European Commissioner for Competition
How can the EU contribute to a more prosperous future?
Address at Chatham House Conference: "Competition Policy after the Credit Crunch"
London , 26 June 2009
Ladies and gentlemen,
Firstly thank you to Chatham House for organizing this important event. We are facing many challenges in 2009, and I think that asking ourselves tough questions in forums like this is essential for meeting those challenges. First amongst these challenges is fixing our financial sector.
I firmly believe that now is not the time for maintaining the status quo. The status quo will not deliver us from the nearly 3 trillion pounds of liabilities taken on by European Governments to prevent a banking meltdown; or the 600 billion pounds of support provided by the UK Government.
So whatever else we do during and after this crisis, we must restructure our banking and financial services industries to ensure long term stability and growth.
Today I want to explain how the EU can play a role in that process, and in doing so increase prosperity across Europe over the long-term.
So far, the European Commission has played a constructive – and I believe effective – role in adjusting to the new economic realities.
We've made competition policy part of the solution, rather than the problem, by bringing parties together, put a stop to potential subsidy races and being as flexible as we can without undoing the basic principles of competition policy.
Most importantly I think we have said loud and clear that we turn our backs to protectionism. That is a must – the level playing field of the European Single Market is our crown jewel.
Let me describe why this is our approach in some more detail …
Role of Competition Commissioner
Two lessons guide me in my view of the single market.
History shows us that our economies do best when competition policy is enforced without fear or favour; in good times and bad.
Competitive markets are an essential for an efficient economy.
How the Commission deals with State aid therefore impacts on the general health of the single market and recovery from this particular crisis. This applies not only to the banks, but also other fiscal stimulus projects.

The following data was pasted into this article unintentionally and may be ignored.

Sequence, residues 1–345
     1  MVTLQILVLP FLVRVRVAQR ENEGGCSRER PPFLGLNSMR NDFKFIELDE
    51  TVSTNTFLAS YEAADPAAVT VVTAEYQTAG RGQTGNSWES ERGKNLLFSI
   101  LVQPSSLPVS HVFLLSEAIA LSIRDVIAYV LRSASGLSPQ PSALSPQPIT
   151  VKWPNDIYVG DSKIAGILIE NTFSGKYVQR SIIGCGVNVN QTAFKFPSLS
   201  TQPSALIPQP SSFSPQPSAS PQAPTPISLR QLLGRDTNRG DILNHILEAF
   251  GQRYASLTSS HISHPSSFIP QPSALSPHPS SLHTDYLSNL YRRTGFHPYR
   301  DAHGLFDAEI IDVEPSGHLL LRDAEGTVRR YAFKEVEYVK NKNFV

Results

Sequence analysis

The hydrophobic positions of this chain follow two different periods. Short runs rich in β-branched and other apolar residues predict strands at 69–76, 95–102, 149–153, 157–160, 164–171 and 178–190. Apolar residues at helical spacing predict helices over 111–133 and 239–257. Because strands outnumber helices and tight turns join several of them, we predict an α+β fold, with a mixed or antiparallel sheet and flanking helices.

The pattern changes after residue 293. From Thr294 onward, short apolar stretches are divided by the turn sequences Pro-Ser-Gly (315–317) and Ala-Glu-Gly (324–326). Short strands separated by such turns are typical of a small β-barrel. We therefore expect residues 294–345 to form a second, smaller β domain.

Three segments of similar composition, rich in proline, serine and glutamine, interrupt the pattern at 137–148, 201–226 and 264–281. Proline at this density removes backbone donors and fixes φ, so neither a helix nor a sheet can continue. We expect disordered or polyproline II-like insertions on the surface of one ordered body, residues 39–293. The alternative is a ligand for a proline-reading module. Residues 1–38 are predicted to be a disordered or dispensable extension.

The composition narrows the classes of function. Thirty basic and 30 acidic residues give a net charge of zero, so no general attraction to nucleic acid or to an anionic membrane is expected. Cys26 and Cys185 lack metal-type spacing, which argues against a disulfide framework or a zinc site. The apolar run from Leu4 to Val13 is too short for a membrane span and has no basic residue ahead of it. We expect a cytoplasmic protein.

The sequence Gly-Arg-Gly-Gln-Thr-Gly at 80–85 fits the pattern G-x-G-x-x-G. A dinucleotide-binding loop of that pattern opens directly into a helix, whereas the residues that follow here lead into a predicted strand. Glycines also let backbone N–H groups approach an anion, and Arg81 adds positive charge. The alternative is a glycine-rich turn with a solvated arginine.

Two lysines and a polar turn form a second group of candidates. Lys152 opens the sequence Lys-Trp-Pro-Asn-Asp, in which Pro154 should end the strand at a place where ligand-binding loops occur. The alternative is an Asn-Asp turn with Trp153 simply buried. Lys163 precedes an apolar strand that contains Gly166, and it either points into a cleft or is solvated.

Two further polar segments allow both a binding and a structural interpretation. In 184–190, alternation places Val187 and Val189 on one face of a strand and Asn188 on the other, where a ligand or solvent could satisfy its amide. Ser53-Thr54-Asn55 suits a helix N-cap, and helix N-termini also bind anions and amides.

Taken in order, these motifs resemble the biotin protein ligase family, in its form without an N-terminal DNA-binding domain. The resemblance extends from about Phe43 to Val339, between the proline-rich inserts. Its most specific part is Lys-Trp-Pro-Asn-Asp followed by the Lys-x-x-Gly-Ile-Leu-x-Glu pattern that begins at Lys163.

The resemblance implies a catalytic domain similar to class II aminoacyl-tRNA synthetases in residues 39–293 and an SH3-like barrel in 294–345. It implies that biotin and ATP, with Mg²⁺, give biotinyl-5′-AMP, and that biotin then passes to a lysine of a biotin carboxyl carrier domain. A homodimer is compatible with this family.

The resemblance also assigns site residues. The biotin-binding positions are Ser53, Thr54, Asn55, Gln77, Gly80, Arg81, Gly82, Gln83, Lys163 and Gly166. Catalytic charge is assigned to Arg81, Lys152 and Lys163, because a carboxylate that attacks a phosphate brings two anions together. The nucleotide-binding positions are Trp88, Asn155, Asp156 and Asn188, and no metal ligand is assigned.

So far we have seen around 70 rescue schemes for banks across Europe. The next step in managing a competitive single market in banking is to look at how we can get these banks off state support.
All of these restructurings, like the original rescue schemes, are developed in close co-operation with national governments. To me these efforts are the definition of real partnerships in action. They only work if both sides put in a lot of effort and goodwill – and thankfully that is what has been happening.
We need these rules for the European Single market to work. In return for extraordinary support, the EC treaty asks for changes that level the playing field again.
It’s never an easy process, but there is no real alternative:
How else can we protect the whole system and be fair to the prudent banks surviving without state aid?
How else could we ensure that there are no longer banks which are 'too big to fail'?
Having co-operatively agreed changes to several German banks, I am confident we can achieve win-win situations in the UK. For me, a win-win situation means:
the banks are viable over the long-term without state support,
the taxpayers are not left with a huge bill,
and other banks and sectors of the economy do not suffer because of aid given.
the bank has a business model that reduces systemic risk
I care deeply about getting this right. The City is Europe's leading financial centre, and is very important to the UK economy. It is far too important for us to hope it will just fix itself by magic.
So instead, we will be working with the UK government to get UK banks off aid as quickly possible and onto business models which push them to focus on what they do best. It may be that some banks will be required to divest parts of their businesses to offset the massive benefits they received in being granted aid.
We will have to decide that on the facts of each case. I do wish to stress that businesses will not be closed, just transferred to new owners. Such judgements will be made so that the viability of both the bank, AND the system are increased.
As I said, we've done this with several German banks already, and it is working well so far.
We stand firm on the need for restructuring because, whether through oligopoly or public subsidy, if competition is allowed to drain out of the UK financial services sector entirely it would be a disaster for the UK and for Europe all as whole.
Wider regulatory reform
On the question of wider regulatory reform I admit my self-interest! … often we deal with competition problems that arise because of problems the regulators don't see or can't fix. So getting regulation right saves competition authorities a great deal of trouble!!
But seriously: we not only need real restructuring of various banks - we also need a comprehensive, coherent and robust regulatory and supervisory system. For me this must include greater transparency and better supervision. And it is essential that this new system is enforced!
I would expect to see new European legislative proposals in the autumn, and I hope they are received in the cooperative spirit in which they are intended.